For the average recreational tennis player, a tennis court and a hard court are one and the same. The ubiquitous red and green paint, the fading white lines, and the rough, concrete-like playing surface are all characteristics of the court that dominates both the ATP World Tour and the vast majority of recreational and club tennis courts the world over.
Of the 65 professional events on the ATP World Tour, including Grand Slams, the ATP World Tour Finals, Masters 1000 events, ATP 500 events and ATP 250 events, 37 of these are held on some variation of hard court, made of either acrylic or synthetic material. Comparatively, only 22 events are held on clay, and a mere six are held on grass. Since 2009, no professional events have been held on carpet courts.
Over the years, some players have complained of the seemingly unequal distribution of tournaments and surface types. Some have bemoaned the fact that many injuries on the Tour occur because of the damage that hard courts often cause on players’ knees. Others have stated that the Tour panders to those players who perform best on the medium speed surface.
Wimbledon and the Big Four
If Wimbledon 2014 has proven anything, it has shown that the Big Four are still a powerful entity in tennis. Though none have doubted the impact that these players have had upon the sport, some critics have prophesied that their end may be close at hand. Federer had his unsuccessful 2013 season, Djokovic had his 17 month Grand Slam drought, Nadal battled injuries and Murray’s mental consistency often faltered.
However, though the four men aren’t getting any younger, they continue to dominate the sport. In fact, Stan Wawrinka’s unprecedented victory over Nadal in the 2014 Australian Open was the first time a player outside of the Big Four had won a major since Juan Martín del Potro’s victory over Federer in the 2009 US Open.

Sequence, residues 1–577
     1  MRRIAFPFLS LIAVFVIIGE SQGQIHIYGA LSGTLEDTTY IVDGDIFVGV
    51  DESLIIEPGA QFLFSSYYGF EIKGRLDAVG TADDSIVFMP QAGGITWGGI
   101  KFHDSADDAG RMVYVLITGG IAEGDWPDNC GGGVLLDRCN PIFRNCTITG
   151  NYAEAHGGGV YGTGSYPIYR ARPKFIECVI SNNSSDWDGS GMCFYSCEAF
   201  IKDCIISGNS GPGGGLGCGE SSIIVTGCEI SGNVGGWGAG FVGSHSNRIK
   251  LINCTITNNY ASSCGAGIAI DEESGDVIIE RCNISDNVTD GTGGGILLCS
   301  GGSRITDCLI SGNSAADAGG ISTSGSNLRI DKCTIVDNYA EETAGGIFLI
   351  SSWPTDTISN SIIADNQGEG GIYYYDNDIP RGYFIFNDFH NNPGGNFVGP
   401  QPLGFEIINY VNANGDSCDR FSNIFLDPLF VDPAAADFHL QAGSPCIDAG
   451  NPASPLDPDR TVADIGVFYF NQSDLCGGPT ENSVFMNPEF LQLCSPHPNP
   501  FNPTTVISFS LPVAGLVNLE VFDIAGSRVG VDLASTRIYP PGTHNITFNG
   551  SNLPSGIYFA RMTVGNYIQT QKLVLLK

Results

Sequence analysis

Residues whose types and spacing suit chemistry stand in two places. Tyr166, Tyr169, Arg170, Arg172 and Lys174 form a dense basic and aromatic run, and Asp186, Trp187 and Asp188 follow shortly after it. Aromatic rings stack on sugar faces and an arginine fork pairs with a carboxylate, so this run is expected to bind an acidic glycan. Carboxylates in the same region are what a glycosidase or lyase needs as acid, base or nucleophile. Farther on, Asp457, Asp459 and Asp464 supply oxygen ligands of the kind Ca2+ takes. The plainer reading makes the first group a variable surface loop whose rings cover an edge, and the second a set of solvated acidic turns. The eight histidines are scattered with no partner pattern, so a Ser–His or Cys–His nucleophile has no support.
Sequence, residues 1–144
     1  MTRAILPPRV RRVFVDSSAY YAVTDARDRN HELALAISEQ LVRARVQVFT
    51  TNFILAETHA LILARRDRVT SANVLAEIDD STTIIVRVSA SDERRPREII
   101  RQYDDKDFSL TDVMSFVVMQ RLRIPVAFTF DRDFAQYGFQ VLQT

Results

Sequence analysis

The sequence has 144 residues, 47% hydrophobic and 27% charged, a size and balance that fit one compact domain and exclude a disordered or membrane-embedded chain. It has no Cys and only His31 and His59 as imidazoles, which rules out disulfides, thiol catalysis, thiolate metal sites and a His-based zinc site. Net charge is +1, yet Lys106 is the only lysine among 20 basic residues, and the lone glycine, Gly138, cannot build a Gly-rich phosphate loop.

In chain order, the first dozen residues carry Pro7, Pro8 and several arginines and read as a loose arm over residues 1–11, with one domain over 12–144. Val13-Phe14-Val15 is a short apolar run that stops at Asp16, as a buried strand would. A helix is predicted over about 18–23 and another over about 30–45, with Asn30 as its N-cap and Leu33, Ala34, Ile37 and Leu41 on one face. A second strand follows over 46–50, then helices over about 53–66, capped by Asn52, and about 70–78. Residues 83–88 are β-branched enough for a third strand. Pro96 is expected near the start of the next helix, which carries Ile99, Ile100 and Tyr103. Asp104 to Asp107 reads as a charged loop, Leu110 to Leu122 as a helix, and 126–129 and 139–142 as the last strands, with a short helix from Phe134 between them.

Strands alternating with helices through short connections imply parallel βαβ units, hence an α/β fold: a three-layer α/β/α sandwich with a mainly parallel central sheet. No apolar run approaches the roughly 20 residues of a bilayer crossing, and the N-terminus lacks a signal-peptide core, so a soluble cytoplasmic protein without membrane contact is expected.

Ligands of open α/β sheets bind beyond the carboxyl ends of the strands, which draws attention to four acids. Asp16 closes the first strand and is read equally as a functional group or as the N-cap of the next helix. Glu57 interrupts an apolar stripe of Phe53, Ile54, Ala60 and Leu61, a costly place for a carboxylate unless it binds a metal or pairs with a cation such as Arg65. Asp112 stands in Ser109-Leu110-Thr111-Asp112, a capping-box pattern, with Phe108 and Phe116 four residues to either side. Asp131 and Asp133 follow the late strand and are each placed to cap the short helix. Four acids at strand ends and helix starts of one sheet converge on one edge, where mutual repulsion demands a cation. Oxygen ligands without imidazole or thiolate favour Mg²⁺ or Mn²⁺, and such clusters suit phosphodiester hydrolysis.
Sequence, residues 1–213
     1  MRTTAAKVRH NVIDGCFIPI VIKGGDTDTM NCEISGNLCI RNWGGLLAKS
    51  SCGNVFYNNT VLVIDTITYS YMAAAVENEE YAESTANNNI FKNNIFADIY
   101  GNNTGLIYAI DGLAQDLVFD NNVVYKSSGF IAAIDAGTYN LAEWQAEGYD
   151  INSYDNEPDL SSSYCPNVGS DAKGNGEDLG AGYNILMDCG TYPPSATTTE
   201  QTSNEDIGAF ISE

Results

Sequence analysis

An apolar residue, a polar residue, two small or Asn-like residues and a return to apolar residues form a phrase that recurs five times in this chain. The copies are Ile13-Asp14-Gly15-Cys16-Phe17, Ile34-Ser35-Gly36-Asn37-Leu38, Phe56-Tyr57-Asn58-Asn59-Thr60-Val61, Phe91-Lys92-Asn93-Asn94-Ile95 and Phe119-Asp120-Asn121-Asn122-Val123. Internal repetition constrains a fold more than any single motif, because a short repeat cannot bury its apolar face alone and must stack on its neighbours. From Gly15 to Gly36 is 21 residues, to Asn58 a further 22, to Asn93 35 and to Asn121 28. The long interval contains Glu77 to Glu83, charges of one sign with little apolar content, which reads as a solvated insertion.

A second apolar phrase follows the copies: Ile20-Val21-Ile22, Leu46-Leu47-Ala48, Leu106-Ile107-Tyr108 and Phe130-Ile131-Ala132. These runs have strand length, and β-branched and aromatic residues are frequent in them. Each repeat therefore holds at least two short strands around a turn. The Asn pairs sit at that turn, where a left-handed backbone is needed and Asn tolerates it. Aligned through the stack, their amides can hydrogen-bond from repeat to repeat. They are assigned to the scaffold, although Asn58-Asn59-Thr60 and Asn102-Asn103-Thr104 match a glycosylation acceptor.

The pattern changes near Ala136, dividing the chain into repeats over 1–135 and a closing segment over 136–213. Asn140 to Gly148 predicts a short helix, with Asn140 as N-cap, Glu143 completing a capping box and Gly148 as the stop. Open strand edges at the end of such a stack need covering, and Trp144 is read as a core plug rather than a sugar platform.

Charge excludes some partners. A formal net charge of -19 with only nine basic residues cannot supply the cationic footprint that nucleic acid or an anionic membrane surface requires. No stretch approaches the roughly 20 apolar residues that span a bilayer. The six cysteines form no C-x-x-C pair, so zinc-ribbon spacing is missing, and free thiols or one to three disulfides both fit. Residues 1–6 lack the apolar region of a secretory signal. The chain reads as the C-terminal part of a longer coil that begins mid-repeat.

The Gentlemen’s Singles final at Wimbledon further reinforced the notion that these men are the top athletes in the sport. Djokovic and Federer, meeting head-to-head in a Grand Slam singles final for the first time since the 2007 US Open, battled it out upon the grass of Centre Court for five sets in spectacular fashion.
Second week in review
The Wimbledon ryegrass has been the stomping ground of a number of dark horse contenders this week at the Championships, as the venue has played host to a variety of upsets and unexpected appearances by players outside of the ubiquitous “Big Four.” While many usual suspects booked their spots in the quarterfinals lineup without much of an issue, the crowds were stunned by the unexpected upset of World No. 1 Rafael Nadal, courtesy of 19-year-old Australian wonder boy, Nick Krygios. Seeded into the tournament as a wild card entry, the World No. 144 made ripples earlier in the Championships with a brilliant performance against Richard Gasquet in the second round, defeating the Frenchman in five sets despite dropping the first two sets. Against Nadal in the fourth round, Krygios worked magic, defeating his beleaguered opponent in four brutal sets. Continue reading